Articles of Incorporation
Michigan ecclesiastical corporations must file articles of incorporation with the Corporation Division of the state Department of Licensing and Regulatory Affairs. The articles must state the name of the organization and its location. It also must note any former names used by the entity and the date on which any prior articles were filed. A resident agent must be named and his address provided for legal process service. A religious organization that is affiliated with a larger church or denomination, such as the Methodist church, must identify the affiliation in its articles. Articles of incorporation forms can be obtained online or in person at the Department of Licensing and Regulatory Affairs. A reputable online legal service may also assist you with your incorporation needs.
Duration and Purpose
An ecclesiastical corporation must state in its articles whether it intends to operate perpetually, meaning with no end date, or if it intends to operate for a fixed period of time. If it intends to operate for a fixed amount of time the period for operation must be identified. The party controlling the affairs of the organization, such as a pastor or minister, must sign and date the final page of the articles before a notary public.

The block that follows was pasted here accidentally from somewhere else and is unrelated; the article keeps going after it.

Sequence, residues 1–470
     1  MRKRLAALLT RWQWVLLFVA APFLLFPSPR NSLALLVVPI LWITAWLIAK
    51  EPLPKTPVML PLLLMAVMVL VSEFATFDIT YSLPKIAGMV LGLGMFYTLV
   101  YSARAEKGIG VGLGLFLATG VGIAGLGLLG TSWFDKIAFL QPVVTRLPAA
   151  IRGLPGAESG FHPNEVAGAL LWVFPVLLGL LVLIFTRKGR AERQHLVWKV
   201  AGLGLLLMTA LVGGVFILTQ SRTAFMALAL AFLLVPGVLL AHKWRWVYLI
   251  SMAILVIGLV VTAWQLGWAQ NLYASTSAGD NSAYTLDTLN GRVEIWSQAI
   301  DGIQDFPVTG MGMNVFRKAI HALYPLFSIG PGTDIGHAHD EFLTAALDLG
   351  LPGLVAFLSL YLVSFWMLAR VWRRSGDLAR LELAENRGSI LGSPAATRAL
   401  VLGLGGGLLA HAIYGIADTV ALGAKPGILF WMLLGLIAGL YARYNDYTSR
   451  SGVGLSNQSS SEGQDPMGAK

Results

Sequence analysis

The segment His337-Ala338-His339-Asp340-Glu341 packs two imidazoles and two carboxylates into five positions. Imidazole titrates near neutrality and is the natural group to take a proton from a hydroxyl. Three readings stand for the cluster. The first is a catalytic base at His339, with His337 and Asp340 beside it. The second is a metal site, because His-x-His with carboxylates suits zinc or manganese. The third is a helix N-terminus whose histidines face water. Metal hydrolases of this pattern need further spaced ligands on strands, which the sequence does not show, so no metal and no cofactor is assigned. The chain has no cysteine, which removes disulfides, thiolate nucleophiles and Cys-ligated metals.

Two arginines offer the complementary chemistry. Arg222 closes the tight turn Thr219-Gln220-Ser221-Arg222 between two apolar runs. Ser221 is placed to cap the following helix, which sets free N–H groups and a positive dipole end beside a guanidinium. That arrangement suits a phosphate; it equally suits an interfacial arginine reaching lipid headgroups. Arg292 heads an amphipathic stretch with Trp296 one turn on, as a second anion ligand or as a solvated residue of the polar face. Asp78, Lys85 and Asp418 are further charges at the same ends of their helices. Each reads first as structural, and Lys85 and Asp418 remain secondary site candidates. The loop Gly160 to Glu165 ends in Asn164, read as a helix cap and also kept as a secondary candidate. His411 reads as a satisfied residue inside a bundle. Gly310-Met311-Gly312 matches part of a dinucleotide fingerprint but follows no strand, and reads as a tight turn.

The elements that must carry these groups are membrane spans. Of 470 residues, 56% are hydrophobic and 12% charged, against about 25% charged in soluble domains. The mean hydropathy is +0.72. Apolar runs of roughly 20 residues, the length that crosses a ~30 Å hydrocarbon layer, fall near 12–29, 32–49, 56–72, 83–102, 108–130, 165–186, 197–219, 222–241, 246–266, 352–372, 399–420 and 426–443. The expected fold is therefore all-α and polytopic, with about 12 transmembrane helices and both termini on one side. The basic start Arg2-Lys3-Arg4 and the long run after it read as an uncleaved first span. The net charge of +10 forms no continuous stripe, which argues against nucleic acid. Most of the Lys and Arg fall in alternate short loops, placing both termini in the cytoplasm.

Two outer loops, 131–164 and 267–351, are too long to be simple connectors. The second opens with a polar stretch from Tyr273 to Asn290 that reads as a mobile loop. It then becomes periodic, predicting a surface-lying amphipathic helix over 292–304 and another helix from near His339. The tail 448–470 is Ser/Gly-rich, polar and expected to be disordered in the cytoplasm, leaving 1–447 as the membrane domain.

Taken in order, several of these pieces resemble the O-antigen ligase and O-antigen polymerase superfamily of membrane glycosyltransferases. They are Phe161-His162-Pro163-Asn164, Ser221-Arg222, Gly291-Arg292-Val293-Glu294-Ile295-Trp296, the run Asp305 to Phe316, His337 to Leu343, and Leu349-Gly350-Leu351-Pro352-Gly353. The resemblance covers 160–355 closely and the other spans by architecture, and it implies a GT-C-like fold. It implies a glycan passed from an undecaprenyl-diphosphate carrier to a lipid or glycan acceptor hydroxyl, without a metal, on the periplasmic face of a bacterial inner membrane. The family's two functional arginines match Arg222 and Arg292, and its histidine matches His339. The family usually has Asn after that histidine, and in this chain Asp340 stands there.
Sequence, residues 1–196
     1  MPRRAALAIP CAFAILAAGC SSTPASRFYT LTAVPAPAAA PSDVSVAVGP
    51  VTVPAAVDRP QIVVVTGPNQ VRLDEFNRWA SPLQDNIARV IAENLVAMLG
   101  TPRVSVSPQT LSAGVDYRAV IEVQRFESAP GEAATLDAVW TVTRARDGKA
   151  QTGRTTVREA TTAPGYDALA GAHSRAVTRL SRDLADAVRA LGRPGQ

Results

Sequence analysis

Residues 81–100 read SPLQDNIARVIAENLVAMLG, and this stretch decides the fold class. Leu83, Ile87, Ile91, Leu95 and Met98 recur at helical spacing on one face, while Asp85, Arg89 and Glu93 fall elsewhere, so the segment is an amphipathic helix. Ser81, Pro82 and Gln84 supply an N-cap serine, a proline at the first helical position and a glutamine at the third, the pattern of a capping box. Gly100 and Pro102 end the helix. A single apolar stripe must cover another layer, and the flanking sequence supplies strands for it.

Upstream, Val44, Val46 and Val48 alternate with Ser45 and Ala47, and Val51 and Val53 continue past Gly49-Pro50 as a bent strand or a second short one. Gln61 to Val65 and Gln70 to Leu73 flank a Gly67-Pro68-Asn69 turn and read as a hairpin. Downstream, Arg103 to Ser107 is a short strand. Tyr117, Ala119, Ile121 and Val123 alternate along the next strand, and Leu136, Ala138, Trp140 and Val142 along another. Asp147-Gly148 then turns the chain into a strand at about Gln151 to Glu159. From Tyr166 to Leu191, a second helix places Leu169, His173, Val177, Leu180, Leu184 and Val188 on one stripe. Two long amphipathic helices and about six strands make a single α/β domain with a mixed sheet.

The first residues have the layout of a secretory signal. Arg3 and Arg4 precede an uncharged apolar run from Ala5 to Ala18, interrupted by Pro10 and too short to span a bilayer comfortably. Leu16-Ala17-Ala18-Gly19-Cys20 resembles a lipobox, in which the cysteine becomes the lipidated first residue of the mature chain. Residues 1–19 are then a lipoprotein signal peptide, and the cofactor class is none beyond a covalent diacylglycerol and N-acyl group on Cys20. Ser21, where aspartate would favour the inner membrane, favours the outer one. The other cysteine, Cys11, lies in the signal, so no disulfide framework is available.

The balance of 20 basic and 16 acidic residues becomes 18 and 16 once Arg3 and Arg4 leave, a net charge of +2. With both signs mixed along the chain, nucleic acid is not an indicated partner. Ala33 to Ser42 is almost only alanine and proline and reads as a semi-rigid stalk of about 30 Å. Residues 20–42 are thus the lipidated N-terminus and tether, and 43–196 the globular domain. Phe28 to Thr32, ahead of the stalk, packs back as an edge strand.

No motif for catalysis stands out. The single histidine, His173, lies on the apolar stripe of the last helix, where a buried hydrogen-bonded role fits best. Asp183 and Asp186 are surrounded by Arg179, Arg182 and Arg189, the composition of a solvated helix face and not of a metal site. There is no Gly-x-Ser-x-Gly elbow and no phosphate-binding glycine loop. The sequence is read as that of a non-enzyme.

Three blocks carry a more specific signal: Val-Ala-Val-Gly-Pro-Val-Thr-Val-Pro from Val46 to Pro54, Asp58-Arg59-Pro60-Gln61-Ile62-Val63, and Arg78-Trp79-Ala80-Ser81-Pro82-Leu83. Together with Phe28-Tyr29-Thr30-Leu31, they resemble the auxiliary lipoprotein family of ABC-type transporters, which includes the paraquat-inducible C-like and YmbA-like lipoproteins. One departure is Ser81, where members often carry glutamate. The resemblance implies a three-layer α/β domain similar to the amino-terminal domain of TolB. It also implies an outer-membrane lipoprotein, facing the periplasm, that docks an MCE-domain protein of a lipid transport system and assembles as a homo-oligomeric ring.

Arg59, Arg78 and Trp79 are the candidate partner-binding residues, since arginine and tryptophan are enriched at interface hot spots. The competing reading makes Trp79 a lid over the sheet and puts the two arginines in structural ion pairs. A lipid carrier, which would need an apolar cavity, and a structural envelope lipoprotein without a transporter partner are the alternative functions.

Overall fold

An ecclesiastical corporation is not de jure, meaning legally recognized, until the completed and signed articles of incorporation are duly registered with the State of Michigan. A filing fee of $10 (as of 2012) must be paid and the articles may be mailed to Michigan Department of Licensing and Regulatory Affairs Bureau of Commercial Services, Corporation Division, P.O. Box 30054, Lansing, MI 48909. You may file articles in person at 2501 Woodlake Circle Okemos, MI. The stamped original is returned to the corporation and electronic copies are made available online once filed.
Ecclesiastical corporations receive preferred tax status at both the state and federal level. Specific tax regulations must be carefully followed by an ecclesiastical corporation. Registering the articles of corporation for the organization's formation is a critical step. However, that in itself does not ensure tax exemptions. Churches should be certain to know and follow all IRS and state treasury regulations to protect its qualified tax treatment.